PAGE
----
Also think about associations you may have picked up from your culture, your religion, or society in general.

If you have any interesting insights about the number 9, or any of the other numbers above, please leave a comment!

Source: Theologumena Arithmeticae, attributed to Iamblichus (c.250-c.330).

Baby Name Needed – Name for Luke and Zeke’s Sibling

A reader named Bethany has two boys, Luke and Zeke (full name Ezekiel, but he always goes by Zeke). She’s expecting a baby in August, and she’d like some help coming up with boy and girl names. Here are the names she’s currently considering:

Boy names: Hudson, Zane, Abe, Jed

  • “Our favorite right now is Hudson for a boy, mostly because my husband’s name is Richard (“son of Richard”) and also because of the great old Christian man, Hudson Taylor. Our only concern is: Will this soon become a girls name?”
  • “We have also toyed around with Zane, but fear “inZane” jokes–and also, is it too similar to Zeke? Luke, Zeke, and Zane?”
  • “Is Abe just too much? Luke, Zeke, and Abe? Does it roll off the tongue weird?”
  • “And Jed–too hill-billy? Luke, Zeke, and Jed?”
  • A boy name doesn’t need to end with a k-sound, “yet we don’t want the third boy (if it’s a boy) to feel like the weirdo if he has too different of a name.”
  • They want “a manly third name if it’s a boy.” Nothing that could be mistaken for a girl’s name.

Girl Names: Emmie, Ellie

  • “For girls, we love Emmie and Ellie, but how common are those? Emma and Emily are list toppers, but how many Emmies are there?”

Bethany also mentions: “We are Christians, and although we don’t care if the name is straight from the Bible, it would be nice if it did have a good strong meaning.”

Here are some thoughts I had about the current favorites:

Hudson – I think Hudson is a great choice. It’s a good name, it’s masculine (I don’t think it’ll become a girl name anytime soon), the definition is perfect, and the association with Hudson Taylor is both meaningful and inspiring. It works on many levels.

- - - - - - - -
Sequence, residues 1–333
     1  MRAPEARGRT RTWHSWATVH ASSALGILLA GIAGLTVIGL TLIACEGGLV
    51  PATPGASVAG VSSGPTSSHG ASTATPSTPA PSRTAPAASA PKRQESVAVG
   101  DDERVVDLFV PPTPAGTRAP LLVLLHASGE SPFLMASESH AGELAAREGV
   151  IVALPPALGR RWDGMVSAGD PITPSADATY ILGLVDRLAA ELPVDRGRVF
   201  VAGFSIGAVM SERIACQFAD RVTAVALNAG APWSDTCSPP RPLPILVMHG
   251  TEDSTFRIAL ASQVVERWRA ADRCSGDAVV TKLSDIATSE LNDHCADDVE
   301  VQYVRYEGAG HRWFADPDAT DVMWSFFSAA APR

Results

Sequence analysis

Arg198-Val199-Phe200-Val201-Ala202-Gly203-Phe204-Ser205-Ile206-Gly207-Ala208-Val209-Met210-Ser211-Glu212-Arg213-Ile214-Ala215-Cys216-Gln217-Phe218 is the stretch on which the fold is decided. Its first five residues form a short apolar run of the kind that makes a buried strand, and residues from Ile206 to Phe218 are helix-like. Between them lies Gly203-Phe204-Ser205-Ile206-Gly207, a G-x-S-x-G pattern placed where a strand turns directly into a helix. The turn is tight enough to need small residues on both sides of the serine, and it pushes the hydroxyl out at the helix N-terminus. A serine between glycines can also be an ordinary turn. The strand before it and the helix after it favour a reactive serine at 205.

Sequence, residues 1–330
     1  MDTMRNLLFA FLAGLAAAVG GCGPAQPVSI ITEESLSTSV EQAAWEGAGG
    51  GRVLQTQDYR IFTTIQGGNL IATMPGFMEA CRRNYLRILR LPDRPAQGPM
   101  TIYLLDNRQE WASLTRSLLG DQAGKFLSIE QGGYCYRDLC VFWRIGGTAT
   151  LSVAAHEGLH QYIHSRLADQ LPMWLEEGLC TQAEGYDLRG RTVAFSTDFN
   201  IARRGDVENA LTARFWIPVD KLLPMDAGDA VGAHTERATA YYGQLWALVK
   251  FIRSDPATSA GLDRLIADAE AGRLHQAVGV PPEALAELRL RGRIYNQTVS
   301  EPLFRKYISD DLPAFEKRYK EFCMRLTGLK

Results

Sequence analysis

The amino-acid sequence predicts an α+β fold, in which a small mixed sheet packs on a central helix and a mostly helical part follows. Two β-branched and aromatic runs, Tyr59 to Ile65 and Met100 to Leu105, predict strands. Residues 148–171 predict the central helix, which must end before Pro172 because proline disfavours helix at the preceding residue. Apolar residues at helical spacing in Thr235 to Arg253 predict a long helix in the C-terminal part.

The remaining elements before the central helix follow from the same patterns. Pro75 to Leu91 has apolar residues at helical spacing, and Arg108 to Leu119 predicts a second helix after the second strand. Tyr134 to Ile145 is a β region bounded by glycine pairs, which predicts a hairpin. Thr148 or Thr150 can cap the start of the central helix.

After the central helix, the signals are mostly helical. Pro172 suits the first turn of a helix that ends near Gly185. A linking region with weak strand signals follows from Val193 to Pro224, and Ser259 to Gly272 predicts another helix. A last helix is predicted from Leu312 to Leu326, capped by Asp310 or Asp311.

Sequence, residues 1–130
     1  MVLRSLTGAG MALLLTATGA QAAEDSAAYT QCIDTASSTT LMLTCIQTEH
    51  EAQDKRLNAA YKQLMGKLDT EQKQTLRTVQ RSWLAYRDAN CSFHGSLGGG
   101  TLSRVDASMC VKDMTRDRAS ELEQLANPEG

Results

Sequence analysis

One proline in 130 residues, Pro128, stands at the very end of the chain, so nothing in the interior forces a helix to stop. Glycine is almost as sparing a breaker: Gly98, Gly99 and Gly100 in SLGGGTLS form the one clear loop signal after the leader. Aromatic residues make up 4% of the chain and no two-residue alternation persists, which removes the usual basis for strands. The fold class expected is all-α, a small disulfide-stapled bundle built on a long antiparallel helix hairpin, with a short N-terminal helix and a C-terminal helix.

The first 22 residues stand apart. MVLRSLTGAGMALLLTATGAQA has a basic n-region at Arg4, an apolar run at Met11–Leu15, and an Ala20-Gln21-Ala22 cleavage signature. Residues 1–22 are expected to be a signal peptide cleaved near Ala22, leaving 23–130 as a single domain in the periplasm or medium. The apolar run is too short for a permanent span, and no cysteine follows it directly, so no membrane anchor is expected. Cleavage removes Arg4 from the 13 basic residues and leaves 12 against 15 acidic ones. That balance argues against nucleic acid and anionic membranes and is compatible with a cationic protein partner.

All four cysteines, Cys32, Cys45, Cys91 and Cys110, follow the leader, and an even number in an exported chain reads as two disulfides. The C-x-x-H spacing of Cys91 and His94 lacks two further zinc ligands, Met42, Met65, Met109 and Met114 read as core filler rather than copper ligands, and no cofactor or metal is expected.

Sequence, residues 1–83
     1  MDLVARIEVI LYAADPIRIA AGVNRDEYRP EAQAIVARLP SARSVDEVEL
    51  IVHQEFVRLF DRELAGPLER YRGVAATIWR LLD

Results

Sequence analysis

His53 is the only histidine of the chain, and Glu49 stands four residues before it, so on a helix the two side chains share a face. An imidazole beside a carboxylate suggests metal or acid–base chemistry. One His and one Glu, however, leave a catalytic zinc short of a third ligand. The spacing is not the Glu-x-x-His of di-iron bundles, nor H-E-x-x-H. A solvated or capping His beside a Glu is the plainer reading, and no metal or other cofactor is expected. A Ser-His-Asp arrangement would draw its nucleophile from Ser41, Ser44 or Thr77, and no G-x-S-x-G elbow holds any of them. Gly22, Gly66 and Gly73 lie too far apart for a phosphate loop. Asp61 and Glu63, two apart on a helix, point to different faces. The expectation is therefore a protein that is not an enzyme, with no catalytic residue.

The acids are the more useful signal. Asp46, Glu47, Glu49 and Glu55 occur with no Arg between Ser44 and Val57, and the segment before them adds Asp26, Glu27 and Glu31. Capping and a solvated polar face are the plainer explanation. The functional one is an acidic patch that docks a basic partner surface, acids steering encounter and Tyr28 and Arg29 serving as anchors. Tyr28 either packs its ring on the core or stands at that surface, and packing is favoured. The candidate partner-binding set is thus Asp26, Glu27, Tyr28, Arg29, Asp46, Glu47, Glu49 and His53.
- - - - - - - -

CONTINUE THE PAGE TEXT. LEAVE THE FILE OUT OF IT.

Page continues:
Zane – My feeling is that it’s too close to Zeke.

Abe – Would it be nickname for Abraham? If so, I like this one. I don’t think “Luke, Zeke, and Abe” sounds weird at all.

Jed – It does sound slightly hillbilly to me, but not as full-on hillbilly as names like Jethro and Cletus.

Emmie – It’s not common as a given name–it hasn’t ranked in decades–but it’s used as a nickname for both Emily and Emma. So it hasn’t dropped off the radar entirely.

Ellie – I like Ellie, but I think it could be a lot more meaningful if it were a nickname for Elizabeth (more on this below).

Here are some other ideas, plus potential nicknames and associations:

Boy names Girl names
Asher
Boaz (Bo)
Eric (Eric Liddell)
Gideon
Isaac (Ike)
Jacob (Jake)
Jude
Lazarus
Malachi
Matthias
Micah (Mike)
Michael (Mike)
Moses (Mo)
Seth
Samson (Sam)
Simeon
Abigail (Abbie)
Amy (Amy Carmichael)
Elizabeth (Ellie, Liz, Betty, etc.)
Cornelia (Corrie; Corrie ten Boom)
Charlotte (Lottie; Lottie Moon)
Chloe
Grace/Gracie
Ida (Ida Scudder)
Judith (Judy)
Lillian (Lillie; Lillian Trasher)
Mara
Phoebe
Rebecca (Becky)
Sarah (Sadie)
Sela
Tabitha (Tabby)

I think my favorite is Elizabeth. It’s biblical, it has an element in common with Bethany (reminding me of the Hudson/Richard connection), and it allows for not only the nickname Ellie but a number of other nicknames as well. (Liz might sound cute with Luke and Zeke; Betty could be used in tribute to Betty Greene.)

Of all the names above, which do you like best with Luke and Zeke? What other boy and girl names would you recommend to Bethany?

UPDATE – The baby is here! To learn the gender and the name, scroll down to the last comment.

Baby Name Needed – Girl Names Spelled with the Names of Letters

A reader named Becky recently emailed me with a rather cool request:

We’re looking for a girl name that has an actual spelling and letter combinations to represent the word. For example Evie (EV) and Katie (KT). Any suggestions would be great!

Here are the names came I up with. (Some of the letter-pronunciations aren’t exact, but they’re close.)

B Bea
K Kay
L Elle
CL Ciel
ED Edie
IO Io
KC Casey, Kasey
KD Katie, Katy
LC Elsie
LE Ellie
LN Ellen
LS Ellis
ME Emmie
LRE Ellery
MLE Emily
MLN Emilyn
MRE Emery
RLE Areli
REL Arielle

I slipped a couple of traditionally male names in there as well…you never know what could spark an idea.

Can you think of any others?